Enterprise Security Weekly #44 – What Are We Bethesing Today

Ryan Hays of TBG Security joins us. In the news, VMware falls out with Tanium, machine learning at Invincea, the war on legacy IT, Cisco Cloudlock releases an apps firewall, and more in this episode of Enterprise Security Weekly!Full Show Notes: Visit for all the latest episodes!

Nothing to see, move along!

A reminder, this blog has moved! If you’re seeing this in your RSS, you should take a second to update your feed.

From now on, I’ll be posting at Adam Shostack and Friends/. If you read the site via RSS, please take a moment to update your feed to Oh, and everyone who’s been part of the jazz combo has an account over at the new blog, and I expect a new Mordaxus post any day.

If there’s too much content here (there?) and you’d like a lower volume set of updates on what Adam is doing, Adam’s New Thing gets only a few messages a year, guaranteed.

Nothing to see here, move along!

A reminder, this blog has moved! If you’re seeing this in your RSS, you should take a second to update your feed.

From now on, I’ll be posting at Adam Shostack and Friends/. If you read the site via RSS, please take a moment to update your feed to Oh, and everyone who’s been part of the jazz combo has an account over at the new blog, and I expect a new Mordaxus post any day.

If there’s too much content here (there?) and you’d like a lower volume set of updates on what Adam is doing, Adam’s New Thing gets only a few messages a year, guaranteed.

Hack Naked News #123 – May 9, 2017

Phishing in Google’s waters, HandBrake has been compromised, Dell releases patches galore, and more. Jason Wood of Paladin Security delivers expert commentary on how ultrasonic beacons can track your phone on this episode of Hack Naked News!

Full Show Notes:

Visit for all the latest episodes!

MS17-013 – Critical: Security Update for Microsoft Graphics Component (4013075) – Version: 3.0

Severity Rating: Critical
Revision Note: V3.0 (May 9, 2017): Microsoft has re-released security update 4017018 for affected editions of Windows Server 2008. The re-release has been re-classified as a security update. Microsoft recommends that customers should install update 4017018 to be fully protected from CVE-2017-0038. Customers who have already installed the update do not need to take any further action. In addition, this security update correction also applies to Windows Server 2008 for Itanium-based Systems.
Summary: This security update resolves vulnerabilities in Microsoft Windows, Microsoft Office, Skype for Business, Silverlight and Microsoft Lync. The most serious of these vulnerabilities could allow remote code execution if a user either visits a specially crafted website or opens a specially crafted document. Users whose accounts are configured to have fewer user rights on the system could be less impacted than users who operate with administrative user rights.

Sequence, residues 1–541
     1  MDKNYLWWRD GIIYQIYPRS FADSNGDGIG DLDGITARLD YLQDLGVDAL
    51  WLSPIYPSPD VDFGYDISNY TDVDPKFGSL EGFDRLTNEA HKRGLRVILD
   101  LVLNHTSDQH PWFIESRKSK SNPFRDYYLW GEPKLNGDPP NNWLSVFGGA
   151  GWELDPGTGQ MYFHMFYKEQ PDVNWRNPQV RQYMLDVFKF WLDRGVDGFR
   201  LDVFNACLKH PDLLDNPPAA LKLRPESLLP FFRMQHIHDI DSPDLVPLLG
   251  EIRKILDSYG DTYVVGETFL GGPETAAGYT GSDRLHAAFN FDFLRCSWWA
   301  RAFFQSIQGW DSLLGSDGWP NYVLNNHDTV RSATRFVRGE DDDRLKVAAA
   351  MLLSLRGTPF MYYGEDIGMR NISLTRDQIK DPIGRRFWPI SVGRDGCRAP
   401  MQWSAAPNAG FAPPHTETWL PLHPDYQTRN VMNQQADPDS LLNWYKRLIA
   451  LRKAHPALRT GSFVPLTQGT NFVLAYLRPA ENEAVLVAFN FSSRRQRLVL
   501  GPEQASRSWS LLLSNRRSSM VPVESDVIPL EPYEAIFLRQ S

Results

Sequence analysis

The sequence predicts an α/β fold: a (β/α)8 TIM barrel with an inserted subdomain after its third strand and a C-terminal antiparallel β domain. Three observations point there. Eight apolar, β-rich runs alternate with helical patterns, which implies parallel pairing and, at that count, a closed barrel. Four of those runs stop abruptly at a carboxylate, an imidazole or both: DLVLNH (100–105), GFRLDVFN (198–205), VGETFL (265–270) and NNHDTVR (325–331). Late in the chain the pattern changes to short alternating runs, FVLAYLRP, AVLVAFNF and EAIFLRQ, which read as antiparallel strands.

Latest Book Inducted into Cybersecurity Canon

Thursday evening Mrs B and I were pleased to attend an awards seminar for the Cybersecurity Canon. This is a project sponsored by Palo Alto Networks and led by Rick Howard. The goal is "identify a list of must-read books for all cybersecurity practitioners."

Rick reviewed my fourth book The Practice of Network Security Monitoring in 2014 and someone nominated it for consideration in 2016. I was unaware earlier this year that my book was part of a 32-title "March Madness" style competition. My book won the five rounds, resulting in its conclusion in the 2017 inductee list! Thank you to all those that voted for my book.

Ben Rothke awarded me the Canon trophy.
Ben Rothke interviewed me prior to the induction ceremony. We discussed some current trends in security and some lessons from the book. I hope to see that interviewed published by Palo Alto Networks and/or the Cybersecurity canon project in the near future.

In my acceptance speech I explained how I wrote the book because I had not yet dedicated a book to my youngest daughter, since she was born after my third book was published.

A teaching moment at Black Hat Abu Dhabi in December 2012 inspired me to write the book. While teaching network security monitoring, one of the students asked "but where do I install the .exe on the server?"

I realized this student had no idea of physical access to a wire, or using a system to collect and store network traffic, or any of the other fundamental concepts inherent to NSM. He thought NSM was another magical software package to install on his domain controller.

Four foreign language editions.
Thanks to the interpretation assistance of a local Arabic speaker, I was able to get through to him. However, the experience convinced me that I needed to write a new book that built NSM from the ground up, hence the selection of topics and the order in which I presented them.